22. [...] study says that most Americans are not preparing for retirement; another finds that 44 percent will never invest again. But the top 1 percent are earning more income, and keeping more of it, than at any time [...]

  23. [...] study says that most Americans are not preparing for retirement; another finds that 44 percent will never invest again. But the top 1 percent are earning more income, and keeping more of it, than at any time [...]

  24. Investing in the stock market seems to be like gambling. However, the truth is… it is not. To gamble is to beat on probabilities, but to invest is to explore on these probabilities. There is a learning that is achieve overtime on investing. Moreover, success here is calculated, as we can calculate the risks.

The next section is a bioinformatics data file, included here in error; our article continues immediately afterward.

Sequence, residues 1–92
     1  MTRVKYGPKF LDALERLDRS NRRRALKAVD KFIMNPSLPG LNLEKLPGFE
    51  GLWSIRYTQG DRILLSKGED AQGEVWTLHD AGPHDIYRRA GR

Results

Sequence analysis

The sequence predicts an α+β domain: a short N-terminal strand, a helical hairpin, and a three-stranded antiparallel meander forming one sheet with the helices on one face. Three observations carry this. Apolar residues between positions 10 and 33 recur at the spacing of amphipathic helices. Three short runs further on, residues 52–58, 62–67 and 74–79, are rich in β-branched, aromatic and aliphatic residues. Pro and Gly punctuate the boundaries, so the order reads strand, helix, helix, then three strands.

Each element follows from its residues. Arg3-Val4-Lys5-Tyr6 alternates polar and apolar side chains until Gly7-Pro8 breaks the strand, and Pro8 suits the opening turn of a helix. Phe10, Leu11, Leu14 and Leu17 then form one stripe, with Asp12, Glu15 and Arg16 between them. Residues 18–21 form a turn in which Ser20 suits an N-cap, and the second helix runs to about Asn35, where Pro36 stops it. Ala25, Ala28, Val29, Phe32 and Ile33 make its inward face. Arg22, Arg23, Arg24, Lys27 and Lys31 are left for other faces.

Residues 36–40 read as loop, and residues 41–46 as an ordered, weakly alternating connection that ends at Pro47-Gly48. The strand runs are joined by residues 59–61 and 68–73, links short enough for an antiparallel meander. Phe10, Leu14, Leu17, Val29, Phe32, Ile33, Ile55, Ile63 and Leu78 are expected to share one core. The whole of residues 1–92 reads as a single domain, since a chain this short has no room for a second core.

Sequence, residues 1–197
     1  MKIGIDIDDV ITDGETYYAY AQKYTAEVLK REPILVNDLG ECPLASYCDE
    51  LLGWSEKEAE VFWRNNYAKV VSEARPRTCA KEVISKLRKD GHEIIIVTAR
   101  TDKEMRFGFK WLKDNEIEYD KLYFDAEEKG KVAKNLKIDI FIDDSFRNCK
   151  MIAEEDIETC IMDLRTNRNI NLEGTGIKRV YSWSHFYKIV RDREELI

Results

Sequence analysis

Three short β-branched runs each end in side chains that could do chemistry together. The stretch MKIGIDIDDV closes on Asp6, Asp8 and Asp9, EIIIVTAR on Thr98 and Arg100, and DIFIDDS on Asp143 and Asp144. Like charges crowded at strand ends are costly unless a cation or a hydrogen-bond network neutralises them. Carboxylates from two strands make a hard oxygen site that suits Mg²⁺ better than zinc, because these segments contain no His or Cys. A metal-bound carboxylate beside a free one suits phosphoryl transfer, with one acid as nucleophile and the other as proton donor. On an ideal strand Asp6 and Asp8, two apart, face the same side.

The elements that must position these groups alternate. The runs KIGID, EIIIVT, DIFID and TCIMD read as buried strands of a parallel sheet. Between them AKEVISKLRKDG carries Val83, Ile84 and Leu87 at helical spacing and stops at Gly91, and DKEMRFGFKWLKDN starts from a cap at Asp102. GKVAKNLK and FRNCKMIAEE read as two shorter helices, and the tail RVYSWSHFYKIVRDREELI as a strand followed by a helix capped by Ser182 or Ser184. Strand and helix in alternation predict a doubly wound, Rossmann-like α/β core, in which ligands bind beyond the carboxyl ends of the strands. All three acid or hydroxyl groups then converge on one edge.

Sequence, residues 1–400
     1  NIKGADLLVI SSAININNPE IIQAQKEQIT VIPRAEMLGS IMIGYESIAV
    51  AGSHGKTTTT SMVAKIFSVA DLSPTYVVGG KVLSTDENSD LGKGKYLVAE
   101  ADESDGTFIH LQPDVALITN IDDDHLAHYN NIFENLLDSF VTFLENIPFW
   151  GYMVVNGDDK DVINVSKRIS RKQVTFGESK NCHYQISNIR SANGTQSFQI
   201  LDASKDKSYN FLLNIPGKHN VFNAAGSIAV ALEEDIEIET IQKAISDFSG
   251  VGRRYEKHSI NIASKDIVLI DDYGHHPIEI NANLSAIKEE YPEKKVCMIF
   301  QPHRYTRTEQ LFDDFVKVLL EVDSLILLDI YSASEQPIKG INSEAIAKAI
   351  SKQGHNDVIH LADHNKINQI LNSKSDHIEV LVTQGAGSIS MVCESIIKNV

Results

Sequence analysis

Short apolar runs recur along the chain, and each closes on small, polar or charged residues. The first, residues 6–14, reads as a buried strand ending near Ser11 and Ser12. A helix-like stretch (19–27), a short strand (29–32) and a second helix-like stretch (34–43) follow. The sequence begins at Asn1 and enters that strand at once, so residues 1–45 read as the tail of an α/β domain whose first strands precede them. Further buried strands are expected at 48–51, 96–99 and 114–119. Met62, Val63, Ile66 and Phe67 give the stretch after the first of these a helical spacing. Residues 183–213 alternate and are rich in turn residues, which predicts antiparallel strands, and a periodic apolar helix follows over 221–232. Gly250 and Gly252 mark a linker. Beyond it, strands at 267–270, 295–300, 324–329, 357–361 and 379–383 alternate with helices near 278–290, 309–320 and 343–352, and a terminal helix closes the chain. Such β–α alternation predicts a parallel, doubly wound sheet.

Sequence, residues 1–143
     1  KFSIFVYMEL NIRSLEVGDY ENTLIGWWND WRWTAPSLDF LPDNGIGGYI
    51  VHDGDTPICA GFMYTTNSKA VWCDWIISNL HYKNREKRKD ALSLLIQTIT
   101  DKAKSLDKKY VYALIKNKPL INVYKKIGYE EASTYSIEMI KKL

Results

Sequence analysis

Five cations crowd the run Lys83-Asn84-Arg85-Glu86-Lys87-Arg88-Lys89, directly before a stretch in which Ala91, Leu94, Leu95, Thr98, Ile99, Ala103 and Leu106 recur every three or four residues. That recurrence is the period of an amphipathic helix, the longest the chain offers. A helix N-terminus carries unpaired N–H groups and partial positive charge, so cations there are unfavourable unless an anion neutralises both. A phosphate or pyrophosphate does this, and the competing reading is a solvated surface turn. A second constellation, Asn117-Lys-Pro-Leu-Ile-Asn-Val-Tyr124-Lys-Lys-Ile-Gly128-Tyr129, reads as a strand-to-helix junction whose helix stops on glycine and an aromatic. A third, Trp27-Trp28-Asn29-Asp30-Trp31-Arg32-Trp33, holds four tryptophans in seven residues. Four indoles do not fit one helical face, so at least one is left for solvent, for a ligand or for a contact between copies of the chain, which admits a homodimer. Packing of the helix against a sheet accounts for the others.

25. [...] retirement; a additional finds including th&#1077 intention &#959f 44 percent w&#1110&#406&#406 b&#1091 n&#959 means invest again. B&#965t th&#1077 top 1 percent &#1072r&#1077 earning more returns, &#1072n&#1281 maintenance [...]

  26. [...] study says that most Americans are not preparing for retirement; another finds that 44 percent will never invest again. But the top 1 percent are earning more income, and keeping more of it, than at any time [...]